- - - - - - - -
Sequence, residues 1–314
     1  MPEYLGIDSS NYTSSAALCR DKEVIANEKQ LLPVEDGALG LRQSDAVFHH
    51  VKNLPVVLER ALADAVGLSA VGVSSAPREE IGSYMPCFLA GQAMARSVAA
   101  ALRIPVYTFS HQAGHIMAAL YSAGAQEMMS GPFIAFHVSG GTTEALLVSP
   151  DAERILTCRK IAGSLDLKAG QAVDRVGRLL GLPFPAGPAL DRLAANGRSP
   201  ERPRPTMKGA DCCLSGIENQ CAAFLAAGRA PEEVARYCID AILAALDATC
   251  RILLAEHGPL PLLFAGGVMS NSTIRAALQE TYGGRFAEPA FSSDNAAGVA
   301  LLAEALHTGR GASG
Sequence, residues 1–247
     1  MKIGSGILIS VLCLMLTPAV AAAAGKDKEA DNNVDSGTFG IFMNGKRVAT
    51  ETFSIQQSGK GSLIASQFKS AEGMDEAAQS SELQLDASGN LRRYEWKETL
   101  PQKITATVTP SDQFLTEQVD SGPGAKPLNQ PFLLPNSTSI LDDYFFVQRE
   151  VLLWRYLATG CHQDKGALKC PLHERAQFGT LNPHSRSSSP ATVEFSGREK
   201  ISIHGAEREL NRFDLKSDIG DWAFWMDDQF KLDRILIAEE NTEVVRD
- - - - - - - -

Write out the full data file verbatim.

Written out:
Sequence, residues 1–314
     1  MPEYLGIDSS NYTSSAALCR DKEVIANEKQ LLPVEDGALG LRQSDAVFHH
    51  VKNLPVVLER ALADAVGLSA VGVSSAPREE IGSYMPCFLA GQAMARSVAA
   101  ALRIPVYTFS HQAGHIMAAL YSAGAQEMMS GPFIAFHVSG GTTEALLVSP
   151  DAERILTCRK IAGSLDLKAG QAVDRVGRLL GLPFPAGPAL DRLAANGRSP
   201  ERPRPTMKGA DCCLSGIENQ CAAFLAAGRA PEEVARYCID AILAALDATC
   251  RILLAEHGPL PLLFAGGVMS NSTIRAALQE TYGGRFAEPA FSSDNAAGVA
   301  LLAEALHTGR GASG
Sequence, residues 1–247
     1  MKIGSGILIS VLCLMLTPAV AAAAGKDKEA DNNVDSGTFG IFMNGKRVAT
    51  ETFSIQQSGK GSLIASQFKS AEGMDEAAQS SELQLDASGN LRRYEWKETL
   101  PQKITATVTP SDQFLTEQVD SGPGAKPLNQ PFLLPNSTSI LDDYFFVQRE
   151  VLLWRYLATG CHQDKGALKC PLHERAQFGT LNPHSRSSSP ATVEFSGREK
   201  ISIHGAEREL NRFDLKSDIG DWAFWMDDQF KLDRILIAEE NTEVVRD